We didn’t spend much time in Portland itself because the surrounding area is actually so much more interesting! You have the Pacific Ocean just an hour and a half to the west, and the Columbia River Gorge and Cascade mountain range just an hour or so east. As you can see from this map, everything is within such easy reach!

Not to knock Portland, though. You could definitely spend a day drinking hipster coffee, walking around Powell’s–the largest bookstore in the world, and touring the International Rose Garden to fill up on Portland’s vibe. One thing I loved about this area was flowers. Due to the mild, wet winters, we still had roses blooming in our yard in December! Definitely consider visiting in April or May when everything is blooming and beautiful.

 

Portland Oregon Roses
There’s a reason Portland, OR is called the city of roses!

West of Portland, Oregon

When you’re ready to get out of town, you can’t go wrong by hitting up the Pacific coastline. Between Rockaway Beach and a little north of Cannon Beach, you will find some of the most iconic rocky coastal formations in the world. Ecola State Park is a great place to stop and take it all in.

 

beaches near portland oregon
Surf and sand against the backdrop of the Pacific Coast…

East of Portland, Oregon

But my fondest memories of the Pacific Northwest are of driving up and down the Columbia River Gorge. The rock walls of the gorge loom up on either side of you, and the river runs below. Sometimes we drove through it on misty days when fog made a nebulous ceiling overhead and the scenery looked like something out of Lord of the Rings. Prehistoric looking boulders like Beacon Rock sit perched on the water’s edge. It is sad to think that a place so timeless is being ravaged by fire and won’t look the same for many, many years.

 

Beacon Rock
Beacon Rock – a public domain shot found on Flickr by ForestServiceNW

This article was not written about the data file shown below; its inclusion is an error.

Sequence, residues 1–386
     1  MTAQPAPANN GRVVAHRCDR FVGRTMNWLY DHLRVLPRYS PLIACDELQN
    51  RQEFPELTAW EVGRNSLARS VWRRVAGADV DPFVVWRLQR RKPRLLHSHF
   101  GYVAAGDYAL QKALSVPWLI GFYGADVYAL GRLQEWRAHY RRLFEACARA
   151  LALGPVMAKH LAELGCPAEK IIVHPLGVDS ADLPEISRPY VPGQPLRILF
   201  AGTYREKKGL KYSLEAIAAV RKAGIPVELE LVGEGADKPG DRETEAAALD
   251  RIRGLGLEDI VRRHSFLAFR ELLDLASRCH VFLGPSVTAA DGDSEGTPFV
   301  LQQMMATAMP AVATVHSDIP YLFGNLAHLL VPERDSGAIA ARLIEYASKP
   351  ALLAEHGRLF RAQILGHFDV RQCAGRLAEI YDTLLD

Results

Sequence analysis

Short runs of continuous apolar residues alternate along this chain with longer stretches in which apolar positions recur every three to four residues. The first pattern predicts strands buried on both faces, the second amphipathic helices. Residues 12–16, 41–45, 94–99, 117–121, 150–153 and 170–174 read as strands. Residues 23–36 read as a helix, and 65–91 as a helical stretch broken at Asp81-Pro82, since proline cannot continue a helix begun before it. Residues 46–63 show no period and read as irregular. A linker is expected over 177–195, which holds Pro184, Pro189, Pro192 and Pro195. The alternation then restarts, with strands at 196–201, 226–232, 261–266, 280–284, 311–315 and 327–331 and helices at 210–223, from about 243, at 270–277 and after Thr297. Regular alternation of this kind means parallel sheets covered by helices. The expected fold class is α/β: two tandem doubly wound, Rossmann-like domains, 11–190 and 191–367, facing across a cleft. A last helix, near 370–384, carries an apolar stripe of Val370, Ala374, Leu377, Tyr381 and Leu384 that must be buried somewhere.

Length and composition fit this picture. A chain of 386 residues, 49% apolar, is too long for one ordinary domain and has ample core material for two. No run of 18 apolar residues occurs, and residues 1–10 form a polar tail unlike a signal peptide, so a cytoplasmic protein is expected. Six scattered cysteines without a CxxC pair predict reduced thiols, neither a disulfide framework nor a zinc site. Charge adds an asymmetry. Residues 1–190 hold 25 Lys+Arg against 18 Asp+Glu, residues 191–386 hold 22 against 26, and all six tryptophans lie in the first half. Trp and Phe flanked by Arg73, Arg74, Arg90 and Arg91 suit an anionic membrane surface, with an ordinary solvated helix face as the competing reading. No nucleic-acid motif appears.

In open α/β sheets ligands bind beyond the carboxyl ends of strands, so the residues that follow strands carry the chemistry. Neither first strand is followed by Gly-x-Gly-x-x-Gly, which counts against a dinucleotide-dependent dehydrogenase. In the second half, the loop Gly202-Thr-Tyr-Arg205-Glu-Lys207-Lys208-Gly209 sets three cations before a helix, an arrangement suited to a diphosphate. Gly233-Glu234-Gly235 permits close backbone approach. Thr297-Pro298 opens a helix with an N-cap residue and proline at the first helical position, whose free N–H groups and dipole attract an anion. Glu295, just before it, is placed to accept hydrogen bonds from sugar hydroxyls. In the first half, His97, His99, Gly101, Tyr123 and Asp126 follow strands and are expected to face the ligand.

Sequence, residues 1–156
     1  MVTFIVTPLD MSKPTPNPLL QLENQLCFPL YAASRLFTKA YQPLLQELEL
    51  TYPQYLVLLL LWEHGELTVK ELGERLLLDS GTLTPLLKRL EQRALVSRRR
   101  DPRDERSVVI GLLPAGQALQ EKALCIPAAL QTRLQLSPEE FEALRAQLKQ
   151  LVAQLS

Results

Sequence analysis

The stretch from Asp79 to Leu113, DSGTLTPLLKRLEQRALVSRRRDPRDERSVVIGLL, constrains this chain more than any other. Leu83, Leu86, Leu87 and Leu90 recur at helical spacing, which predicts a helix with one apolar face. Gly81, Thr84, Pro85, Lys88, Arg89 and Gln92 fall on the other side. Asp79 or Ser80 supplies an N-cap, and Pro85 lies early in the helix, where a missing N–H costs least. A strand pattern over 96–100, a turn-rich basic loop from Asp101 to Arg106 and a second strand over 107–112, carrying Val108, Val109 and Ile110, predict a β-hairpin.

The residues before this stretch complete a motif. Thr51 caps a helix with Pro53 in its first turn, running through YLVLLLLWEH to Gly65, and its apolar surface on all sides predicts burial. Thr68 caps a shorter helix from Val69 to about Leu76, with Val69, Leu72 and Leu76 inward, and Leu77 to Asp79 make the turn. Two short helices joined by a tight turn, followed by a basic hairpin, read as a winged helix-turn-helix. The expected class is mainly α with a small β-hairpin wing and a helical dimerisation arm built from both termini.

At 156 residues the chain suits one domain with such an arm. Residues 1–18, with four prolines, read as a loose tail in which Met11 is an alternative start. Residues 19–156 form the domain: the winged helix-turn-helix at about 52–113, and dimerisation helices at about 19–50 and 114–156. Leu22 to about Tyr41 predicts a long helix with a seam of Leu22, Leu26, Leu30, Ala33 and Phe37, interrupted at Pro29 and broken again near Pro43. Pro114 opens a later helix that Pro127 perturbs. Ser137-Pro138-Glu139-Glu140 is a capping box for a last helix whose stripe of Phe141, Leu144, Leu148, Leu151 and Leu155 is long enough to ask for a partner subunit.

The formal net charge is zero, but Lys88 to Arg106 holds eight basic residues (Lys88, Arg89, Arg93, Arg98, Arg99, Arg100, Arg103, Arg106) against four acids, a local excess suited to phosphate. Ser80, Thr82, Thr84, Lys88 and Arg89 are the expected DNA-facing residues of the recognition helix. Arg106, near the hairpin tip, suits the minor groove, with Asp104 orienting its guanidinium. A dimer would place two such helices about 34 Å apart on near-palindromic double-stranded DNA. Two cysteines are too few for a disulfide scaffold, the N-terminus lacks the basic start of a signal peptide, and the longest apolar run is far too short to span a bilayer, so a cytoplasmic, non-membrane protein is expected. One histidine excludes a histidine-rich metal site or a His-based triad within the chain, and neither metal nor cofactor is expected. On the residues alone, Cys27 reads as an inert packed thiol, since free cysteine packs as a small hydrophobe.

multnomah falls
Multnomah Falls, Columbia River Gorge – photo from ForestServiceNW on Flickr

 

At various points along the river gorge, waterfalls spring out of the rocks. Multnomah Falls is the most iconic one in the area. If you go, make sure you catch breakfast at Multnomah Falls Lodge — we talked about their bacon for years! Not to mention, the building itself is truly beautiful. It was built in 1925, so is teeming with architectural ambiance from that era. Please note, the photos of Beacon Rock and Multnomah Falls are public domain shots I found on Flickr from the U.S. Forest Service. I always strongly prefer to use my own photos, but it’s been about a decade now since I was in Oregon, so I didn’t have the best materials to work with. 🙂

 

The Cascade Range

A final highlight from the Portland, OR area is the Cascade Mountain Range — I would really like to go back and do some hiking around Mt. Ranier in particular. But what I remember most from our last trip is Mt. St Helens. We visited the Johnston Ridge Observatory which is perched on a cliff overlooking the infamous 1980 explosion. Even 30 — now, 40 — years later, the devastation is overwhelming. A wealth of information is available in the observatory in the form of videos and displays, and it’s well worth the price of admission. In the photo below, you can see the riverbed like furrows leading away from the crater, and in the foreground a tree that was flattened and entombed by the flow of volcanic debris.

 

mount st helens
Mount St. Helens – the devastation is still evident.

 

I guess Mt. St. Helens might be a somber note to end upon, particularly in light of the headlines this week about the fires destroying the Columbia River Gorge. But in another sense, maybe it’s a little hopeful, too, because here we see the endurance and the resilience of nature. The lay of the land may change, may be scarred for decades to come, but its rugged beauty will endure.

What do you love about the Pacific Northwest?

 

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adventures portland oregon